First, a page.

"I was worth millions, or so I thought," he says, "but I was living in my parents' garage, making $1,500 or $2,000 a fight."
Not that the garage was any particular hardship. It might not seem fair that while Mosley was double-parked at his parents' house, a contemporary like De La Hoya was drawing up plans for his Big Bear chateau, but Mosley doesn't complain. "That garage was nice," he says. "I had cable, air conditioning, a lot of space." Home cooking? "That, too."
But once Mosley's first promotional contract expired and he signed with Kushner, a move up and out was inevitable. Kushner, who operates in the big leagues and has a variety of champions signed at any time, lured Mosley under his ample wing with the prospect of fighting Holiday, a Kushner-promoted boxer who happened to hold the IBF lightweight title. Mosley jumped at the chance.
The fight against Holiday is considered one of his poorest, although Mosley's performance had less to do with the presumably stiffer competition than it did with a huge ingestion of muscle builder. By his own admission Mosley took too much creatine the day before the bout and became dehydrated by diarrhea. "He had an upset tummy," is how Kushner puts it. By fight time Mosley weighed 136 pounds, about 10 less than he normally would have, and he didn't have the strength to take out Holiday, one of only two opponents to have gone the distance against him.
Kushner kept Mosley busy thereafter, accepting small paydays in less than glamorous venues just for the activity. Ordinarily this would provoke a champion to bolt, but both Mosley and his father were persuaded of Kushner's wisdom. And what might have seemed like downward mobility—Mosley once fought for $75,000 less as a champion than he had as challenger, and he bounced from HBO to the USA network to Fox—turned out to be the path to fame and fortune. By virtue of his relentless schedule, which was played out almost entirely on the East Coast, Mosley became recognized as the sport's rising star. In 1998 HBO signed him to a three-year contract, validating his string of conquests.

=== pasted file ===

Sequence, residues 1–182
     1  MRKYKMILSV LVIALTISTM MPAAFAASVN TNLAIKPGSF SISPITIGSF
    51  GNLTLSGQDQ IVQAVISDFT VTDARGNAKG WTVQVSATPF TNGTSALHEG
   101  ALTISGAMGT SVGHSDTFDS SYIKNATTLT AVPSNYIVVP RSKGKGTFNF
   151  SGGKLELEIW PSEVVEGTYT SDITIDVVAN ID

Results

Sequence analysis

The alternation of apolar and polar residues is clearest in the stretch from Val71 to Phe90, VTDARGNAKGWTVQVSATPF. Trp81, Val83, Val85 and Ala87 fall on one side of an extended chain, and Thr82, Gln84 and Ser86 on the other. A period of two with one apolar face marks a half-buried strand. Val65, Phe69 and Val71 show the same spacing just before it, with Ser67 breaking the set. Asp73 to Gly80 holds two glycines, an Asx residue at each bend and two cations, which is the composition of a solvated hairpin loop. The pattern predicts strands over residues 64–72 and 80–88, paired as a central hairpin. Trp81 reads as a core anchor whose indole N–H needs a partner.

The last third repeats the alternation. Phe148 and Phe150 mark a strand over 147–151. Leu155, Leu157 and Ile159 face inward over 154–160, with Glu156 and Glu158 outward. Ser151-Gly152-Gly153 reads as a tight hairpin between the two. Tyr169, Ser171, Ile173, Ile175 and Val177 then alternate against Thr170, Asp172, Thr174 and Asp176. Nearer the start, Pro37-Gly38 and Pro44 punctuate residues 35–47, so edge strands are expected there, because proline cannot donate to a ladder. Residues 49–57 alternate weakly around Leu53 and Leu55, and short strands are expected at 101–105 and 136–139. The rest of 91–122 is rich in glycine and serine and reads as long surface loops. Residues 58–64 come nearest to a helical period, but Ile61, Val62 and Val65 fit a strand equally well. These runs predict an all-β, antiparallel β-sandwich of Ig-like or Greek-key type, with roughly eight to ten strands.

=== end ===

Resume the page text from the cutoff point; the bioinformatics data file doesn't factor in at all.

This is a splendid payoff for Mosley, who at 27 does not have time to spare. But he doesn't intend to relax much. "I like to fight," he says. "I don't have time or focus for anything else." In an age when athletes reach the top very quickly and then begin planning alternate careers, Mosley is a throwback. "Ten more years," he says. "What else am I going to do?"
He will almost certainly move up in weight, possibly as high as De La Hoya's class (147 pounds), and earn commensurate purses. He could turn out to be one of those rare fighters who is so extravagantly skilled that it matters less whom he fights than whether he fights at all.
If Mosley turns into a kind of performance artist—in the fashion of a young Roy Jones Jr., for example—he will certainly be a busy one. He doesn't enjoy downtime. Just weeks after a recent victory over Golden Johnson, which was a sort of solo act (highlight: a round in which Johnson failed to land a punch), Mosley was back in the gym, working out and playing pickup basketball twice a day. "If I'm not working out," he says, "I get grouchy."
This might not be so much a matter of self-discipline as it is hyperactivity. "He was always very, very hyper," says his mother, Clemmie. "In nursery school they let me bring his Big Wheel so he could ride around during nap time. All the other kids were asleep, but Shane...."
The trick throughout his young life was to keep him busy, in soccer, basketball, it didn't matter. But even if he couldn't be contained by ordinary means, he was not likely to get into much trouble. The sisters at St. Joseph's had a soft spot for those dimples.